Friday, June 29, 2012
Since my first ultra in 2004, I have completed 68 ultramarathon events, which is a lot for someone my age. Crazy as it sounds, I know of other runners who have completed hundreds of ultras, and even as many as 600+ like Rob Apple. Of these, quite a few are one hundred mile races, which I'm sure takes it's toll on the body. Like anything else, I believe the quantity of races can sometimes take away from the simplistic value of a single experience. In 2010 Monica Scholz ran 25 one hundred milers to set a new record, and this year the power duo of Liz Bauer and Scott Brockmeier are attempting to break that record with 30 one hundreds in a single year. While the reasoning behind this amount of running is for record breaking purposes, I wonder how much healthy enjoyment can really come from doing something of such magnitude? Clearly, running 30 one hundreds is not for me, nor 99.99% of ultrarunners, but for a rare few it may actually be fun/"fun".
While I have run many races, I look back and realize most of them were not to race, or set a particular personal best. In fact, most of the events I have run were simply excuses to run in the mountains with friends for 5-8 hours and then have a friendly beer at the end. However, peppered in amongst the fun runs were a myriad of lackluster races where my body simply wasn't fit and conditioned enough to keep at it week after week, and month after month. I learned wise lessons in over racing, especially in my 20's when I thought I was indestructable and could run an ultra, some casual and some fast, every week.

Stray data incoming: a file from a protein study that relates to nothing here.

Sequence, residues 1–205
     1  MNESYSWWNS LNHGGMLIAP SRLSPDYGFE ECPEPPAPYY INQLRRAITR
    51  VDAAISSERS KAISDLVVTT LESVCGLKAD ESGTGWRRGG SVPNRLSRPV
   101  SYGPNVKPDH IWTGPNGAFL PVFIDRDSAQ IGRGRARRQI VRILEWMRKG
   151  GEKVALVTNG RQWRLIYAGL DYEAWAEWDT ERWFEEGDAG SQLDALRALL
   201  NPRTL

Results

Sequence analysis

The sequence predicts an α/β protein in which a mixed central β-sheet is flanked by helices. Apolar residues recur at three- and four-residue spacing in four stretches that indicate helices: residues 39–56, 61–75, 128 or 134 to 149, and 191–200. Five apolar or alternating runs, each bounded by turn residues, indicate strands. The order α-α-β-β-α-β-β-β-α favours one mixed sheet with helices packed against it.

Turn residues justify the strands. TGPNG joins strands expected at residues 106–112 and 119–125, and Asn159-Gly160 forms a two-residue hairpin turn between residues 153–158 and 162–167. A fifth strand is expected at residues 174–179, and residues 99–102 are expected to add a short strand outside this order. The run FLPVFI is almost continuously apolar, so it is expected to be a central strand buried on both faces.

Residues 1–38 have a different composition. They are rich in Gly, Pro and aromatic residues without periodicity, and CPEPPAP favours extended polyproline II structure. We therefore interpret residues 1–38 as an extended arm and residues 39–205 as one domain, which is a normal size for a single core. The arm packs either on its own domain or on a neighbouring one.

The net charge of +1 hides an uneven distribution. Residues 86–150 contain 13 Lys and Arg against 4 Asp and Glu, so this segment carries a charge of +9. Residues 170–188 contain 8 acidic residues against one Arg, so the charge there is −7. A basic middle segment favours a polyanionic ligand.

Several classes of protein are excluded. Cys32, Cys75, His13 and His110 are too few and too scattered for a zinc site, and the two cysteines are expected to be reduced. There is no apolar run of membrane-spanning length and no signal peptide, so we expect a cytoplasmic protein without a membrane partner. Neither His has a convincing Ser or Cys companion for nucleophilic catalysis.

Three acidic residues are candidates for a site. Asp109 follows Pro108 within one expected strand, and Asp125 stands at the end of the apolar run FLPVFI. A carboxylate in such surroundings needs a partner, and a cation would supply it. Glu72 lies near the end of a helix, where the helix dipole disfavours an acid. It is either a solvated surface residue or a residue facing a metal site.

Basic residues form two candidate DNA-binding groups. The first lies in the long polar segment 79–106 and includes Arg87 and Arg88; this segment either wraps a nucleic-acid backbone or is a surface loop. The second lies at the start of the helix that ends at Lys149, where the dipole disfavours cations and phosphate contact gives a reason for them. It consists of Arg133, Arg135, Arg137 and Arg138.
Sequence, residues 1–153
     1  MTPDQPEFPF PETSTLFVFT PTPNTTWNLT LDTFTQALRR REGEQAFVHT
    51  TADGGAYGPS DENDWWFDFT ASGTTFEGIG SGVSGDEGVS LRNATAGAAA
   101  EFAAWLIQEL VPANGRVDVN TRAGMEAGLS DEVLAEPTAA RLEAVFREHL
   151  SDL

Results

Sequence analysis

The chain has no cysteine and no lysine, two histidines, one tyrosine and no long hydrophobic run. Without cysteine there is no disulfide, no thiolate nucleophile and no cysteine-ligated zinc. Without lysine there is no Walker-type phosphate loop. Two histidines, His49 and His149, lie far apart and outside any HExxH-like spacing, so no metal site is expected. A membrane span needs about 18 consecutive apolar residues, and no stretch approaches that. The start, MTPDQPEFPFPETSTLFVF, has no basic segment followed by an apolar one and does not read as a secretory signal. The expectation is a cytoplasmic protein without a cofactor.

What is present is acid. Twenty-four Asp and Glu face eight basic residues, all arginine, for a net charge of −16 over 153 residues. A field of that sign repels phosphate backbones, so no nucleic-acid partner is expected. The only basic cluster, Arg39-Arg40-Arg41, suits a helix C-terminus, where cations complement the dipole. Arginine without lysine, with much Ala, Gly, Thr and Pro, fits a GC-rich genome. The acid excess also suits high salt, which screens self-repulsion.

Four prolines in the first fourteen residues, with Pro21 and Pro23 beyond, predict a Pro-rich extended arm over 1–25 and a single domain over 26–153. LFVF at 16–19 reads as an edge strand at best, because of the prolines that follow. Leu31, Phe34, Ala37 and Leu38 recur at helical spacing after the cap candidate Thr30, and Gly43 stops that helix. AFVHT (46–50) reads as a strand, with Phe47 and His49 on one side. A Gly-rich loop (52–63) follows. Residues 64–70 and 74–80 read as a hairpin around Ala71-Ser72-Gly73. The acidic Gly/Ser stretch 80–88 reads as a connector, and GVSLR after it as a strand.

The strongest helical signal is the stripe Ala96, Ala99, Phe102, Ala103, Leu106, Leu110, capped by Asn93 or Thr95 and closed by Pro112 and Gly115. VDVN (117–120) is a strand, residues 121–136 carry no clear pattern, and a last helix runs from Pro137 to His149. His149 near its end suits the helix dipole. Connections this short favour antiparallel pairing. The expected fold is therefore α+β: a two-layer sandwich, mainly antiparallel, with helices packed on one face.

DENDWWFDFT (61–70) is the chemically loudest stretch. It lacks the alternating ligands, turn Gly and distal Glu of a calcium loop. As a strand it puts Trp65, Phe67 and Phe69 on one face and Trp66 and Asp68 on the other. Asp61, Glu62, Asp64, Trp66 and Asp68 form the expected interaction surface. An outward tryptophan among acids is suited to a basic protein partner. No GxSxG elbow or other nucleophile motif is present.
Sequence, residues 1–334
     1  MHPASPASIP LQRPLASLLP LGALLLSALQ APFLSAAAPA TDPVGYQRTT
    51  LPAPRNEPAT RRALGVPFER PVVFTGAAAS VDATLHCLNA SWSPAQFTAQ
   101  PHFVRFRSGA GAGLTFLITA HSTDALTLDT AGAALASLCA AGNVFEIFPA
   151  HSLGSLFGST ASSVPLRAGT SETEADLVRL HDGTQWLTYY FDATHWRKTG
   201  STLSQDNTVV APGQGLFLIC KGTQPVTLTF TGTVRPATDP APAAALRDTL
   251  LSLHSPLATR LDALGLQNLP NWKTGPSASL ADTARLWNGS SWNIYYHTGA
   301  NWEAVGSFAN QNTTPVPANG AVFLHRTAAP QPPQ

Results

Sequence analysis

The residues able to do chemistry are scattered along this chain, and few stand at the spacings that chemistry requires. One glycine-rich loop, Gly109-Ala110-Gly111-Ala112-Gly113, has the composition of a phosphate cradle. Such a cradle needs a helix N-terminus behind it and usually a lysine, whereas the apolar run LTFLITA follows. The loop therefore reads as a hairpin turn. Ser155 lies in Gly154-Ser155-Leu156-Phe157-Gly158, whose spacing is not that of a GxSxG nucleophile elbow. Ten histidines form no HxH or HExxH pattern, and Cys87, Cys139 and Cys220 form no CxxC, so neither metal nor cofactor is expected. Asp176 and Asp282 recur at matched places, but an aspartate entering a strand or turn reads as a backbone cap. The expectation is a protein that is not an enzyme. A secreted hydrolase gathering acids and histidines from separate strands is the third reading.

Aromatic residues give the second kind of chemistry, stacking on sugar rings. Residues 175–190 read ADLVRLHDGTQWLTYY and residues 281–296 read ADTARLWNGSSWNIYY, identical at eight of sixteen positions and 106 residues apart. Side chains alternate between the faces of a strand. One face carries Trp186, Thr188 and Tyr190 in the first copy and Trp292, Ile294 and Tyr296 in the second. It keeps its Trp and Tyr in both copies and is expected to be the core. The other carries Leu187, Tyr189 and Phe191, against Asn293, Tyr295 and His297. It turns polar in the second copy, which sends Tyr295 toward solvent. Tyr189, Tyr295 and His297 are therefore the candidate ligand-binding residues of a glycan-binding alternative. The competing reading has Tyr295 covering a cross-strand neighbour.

Nowadays, I think I'd rather run two, or three really meaningful races every year. This is a little different than the focus race mentality in that previously a focus race was more about a performance, than experience, and I allowed myself to get caught up in split times and finish times. It's not like the times were all that fast to begin with. Now it's all about the experience of the run. It's the mental and physical journey that transpires within. There's no doubt that the experience can be more enjoyable when you are fit and feeling fast, but it allows for the lows to seem a little brighter when a race isn't going as planned. Perhaps this is all just a part of my maturing process as a runner, and dare say young adult.
Next year I am hoping to get back out to the Graveyard 100, Western States 100, and Leadville 100. The latter are two experiences I could do over and over again, regardless of the fact they are seamingly so over hyped. Am I drunk on the publicity Kool Aid, or am I just really eager to see how well I can truly run on two incredibly beautiful courses rich in history? And as for the Graveyard 100? Well, I am a sucker for a little punishment, otherwise I wouldn't be an ultrarunner would I?
Beyond these races, I am hoping that running maintains itself as a gateway to see great places and meet fascinating new people. Like Dr. Seuss said "Oh, the places you'll go!"
Quality versus quantity.